Here we go again. Change the name at the top of the page, but the request is the same. How many times can someone say the phrase ‘work together’ in four short paragraphs? The answer is three, according to the email Sainsbury’s sent out to its suppliers last week. But when will any retailer really ‘work together’ with its supply base rather than say it and actually mean that all it wants is their cash?
Suppliers know what is coming now because retailers are utterly predictable. The well of new ideas is not just dry, it has been replaced by a pool of despair. For the past 10 years some retailers have been on a drive for efficiency and, as profit has become tighter, this drive has become relentless. This means less range in store, more self-serve checkouts, fewer members of staff on the shop floor. It makes me ask ‘what on earth are they doing?’. I know it is common for retailers to look at each other and replicate the best bits of their competitors, but you are supposed to take these bits and make them better, not dilute them. Sainsbury’s has copied the Tesco/Aldi match and made it worse not better and now it has copied the buy for less programme that has been doing the rounds for the past 20 years, just in a worse form.
The UK grocery market used to be the envy of the world. Retailers from across the globe would look at what British grocery retailers were doing and admire how they balanced their portfolio of stores. Larger stores were genuine destinations with ranges that were broad, interesting and innovative. Food was at the heart of the proposition in ways customers would talk about. I remember when Asda used to claim to be ‘Britain’s biggest takeaway’ with sales from its Curry Pot instore. Do customers really have any genuine affection for where they shop any more?
When you focus on efficiency you remove emotion and connection. Food retailing done well brings excitement and sparks discussion. It focuses on delivering excellence and innovation, with staff members encouraged to talk to their customers instead of being measured on how efficient they are. Great retailers create a relationship with their customers: they have messages that customers understand, not ones that need to be deciphered by a brand expert. Great retailers also remember that food is at the heart of what they do, as are their suppliers.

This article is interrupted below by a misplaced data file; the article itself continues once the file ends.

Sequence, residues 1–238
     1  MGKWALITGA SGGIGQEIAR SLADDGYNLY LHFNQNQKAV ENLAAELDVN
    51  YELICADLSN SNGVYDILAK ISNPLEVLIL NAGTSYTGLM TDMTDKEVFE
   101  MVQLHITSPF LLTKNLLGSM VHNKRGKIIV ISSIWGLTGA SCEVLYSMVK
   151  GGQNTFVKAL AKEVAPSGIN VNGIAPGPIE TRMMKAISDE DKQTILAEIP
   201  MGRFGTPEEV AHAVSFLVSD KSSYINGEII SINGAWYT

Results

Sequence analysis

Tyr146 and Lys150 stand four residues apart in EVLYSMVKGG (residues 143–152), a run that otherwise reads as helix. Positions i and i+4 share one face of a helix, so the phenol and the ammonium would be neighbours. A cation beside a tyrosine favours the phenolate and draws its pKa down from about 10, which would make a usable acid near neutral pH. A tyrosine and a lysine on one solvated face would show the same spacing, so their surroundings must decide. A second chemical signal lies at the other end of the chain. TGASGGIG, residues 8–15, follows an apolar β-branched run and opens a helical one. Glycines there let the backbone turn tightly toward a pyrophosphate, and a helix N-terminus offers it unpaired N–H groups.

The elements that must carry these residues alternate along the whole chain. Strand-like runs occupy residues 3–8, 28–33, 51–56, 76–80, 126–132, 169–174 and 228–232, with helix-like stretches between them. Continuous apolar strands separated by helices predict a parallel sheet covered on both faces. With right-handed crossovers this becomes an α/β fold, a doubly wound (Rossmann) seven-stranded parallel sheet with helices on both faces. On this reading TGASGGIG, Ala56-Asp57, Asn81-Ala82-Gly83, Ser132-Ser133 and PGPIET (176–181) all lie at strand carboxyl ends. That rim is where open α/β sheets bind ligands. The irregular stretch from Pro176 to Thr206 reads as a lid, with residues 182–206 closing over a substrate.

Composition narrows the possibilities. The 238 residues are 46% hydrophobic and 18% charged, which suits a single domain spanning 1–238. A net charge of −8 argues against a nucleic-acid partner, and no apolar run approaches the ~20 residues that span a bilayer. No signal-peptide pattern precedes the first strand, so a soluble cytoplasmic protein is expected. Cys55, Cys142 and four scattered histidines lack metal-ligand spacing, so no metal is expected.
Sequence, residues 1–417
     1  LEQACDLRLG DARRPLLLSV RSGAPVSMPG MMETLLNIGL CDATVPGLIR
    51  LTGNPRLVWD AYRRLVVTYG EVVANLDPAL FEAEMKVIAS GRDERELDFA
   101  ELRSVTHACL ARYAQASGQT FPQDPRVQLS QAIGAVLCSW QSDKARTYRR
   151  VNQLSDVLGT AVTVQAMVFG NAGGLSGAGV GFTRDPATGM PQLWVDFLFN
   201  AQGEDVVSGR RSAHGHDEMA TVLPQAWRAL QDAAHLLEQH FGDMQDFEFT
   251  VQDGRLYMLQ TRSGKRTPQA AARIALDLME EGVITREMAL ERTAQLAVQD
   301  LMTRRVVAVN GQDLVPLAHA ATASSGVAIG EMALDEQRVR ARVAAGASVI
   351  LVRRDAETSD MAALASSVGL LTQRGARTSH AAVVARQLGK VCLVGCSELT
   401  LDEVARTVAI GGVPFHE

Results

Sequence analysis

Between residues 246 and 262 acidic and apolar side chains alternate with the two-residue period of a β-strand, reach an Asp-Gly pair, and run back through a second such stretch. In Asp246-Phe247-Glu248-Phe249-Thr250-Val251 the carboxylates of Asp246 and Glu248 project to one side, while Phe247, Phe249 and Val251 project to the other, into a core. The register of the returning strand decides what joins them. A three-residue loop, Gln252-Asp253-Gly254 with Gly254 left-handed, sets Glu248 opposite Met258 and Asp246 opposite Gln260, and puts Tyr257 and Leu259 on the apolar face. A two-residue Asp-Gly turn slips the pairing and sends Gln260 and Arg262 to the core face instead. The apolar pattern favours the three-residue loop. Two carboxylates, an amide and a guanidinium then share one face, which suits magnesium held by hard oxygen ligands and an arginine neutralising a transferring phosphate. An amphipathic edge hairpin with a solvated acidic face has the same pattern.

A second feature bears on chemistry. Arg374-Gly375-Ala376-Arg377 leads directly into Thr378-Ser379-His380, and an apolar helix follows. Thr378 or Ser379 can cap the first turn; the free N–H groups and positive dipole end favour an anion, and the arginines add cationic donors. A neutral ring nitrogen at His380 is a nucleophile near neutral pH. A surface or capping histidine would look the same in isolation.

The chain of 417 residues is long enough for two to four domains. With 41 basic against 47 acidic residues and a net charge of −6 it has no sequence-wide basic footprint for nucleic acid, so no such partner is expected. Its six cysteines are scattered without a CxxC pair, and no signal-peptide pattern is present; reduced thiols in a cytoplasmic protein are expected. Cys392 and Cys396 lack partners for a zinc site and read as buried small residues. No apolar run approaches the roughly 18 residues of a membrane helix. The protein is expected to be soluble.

I have been fortunate enough to travel the world and see retailing done in sorts of different styles, from the most basic to the most inspiring. Retailing done well is about ‘and’ not ‘or’. Quality and great prices, great range and simple shopping, the customer and the supplier, sales and profit. It is not just about ‘feeding the nation’, it’s not about soundbites and cost-saving initiatives. Food retailing is about bringing inspiring ideas to fruition. Creating fixtures and ranges that bring people together.
If you want to find a retailer who does this brilliantly then visit a Wegmans over in the US. It has innovation, inspiration and low prices, it is even better at EDLP than the world’s largest retailer. If you want inspiration in the UK then look no further than the high street: that is where the innovation and the excitement in food is coming from now.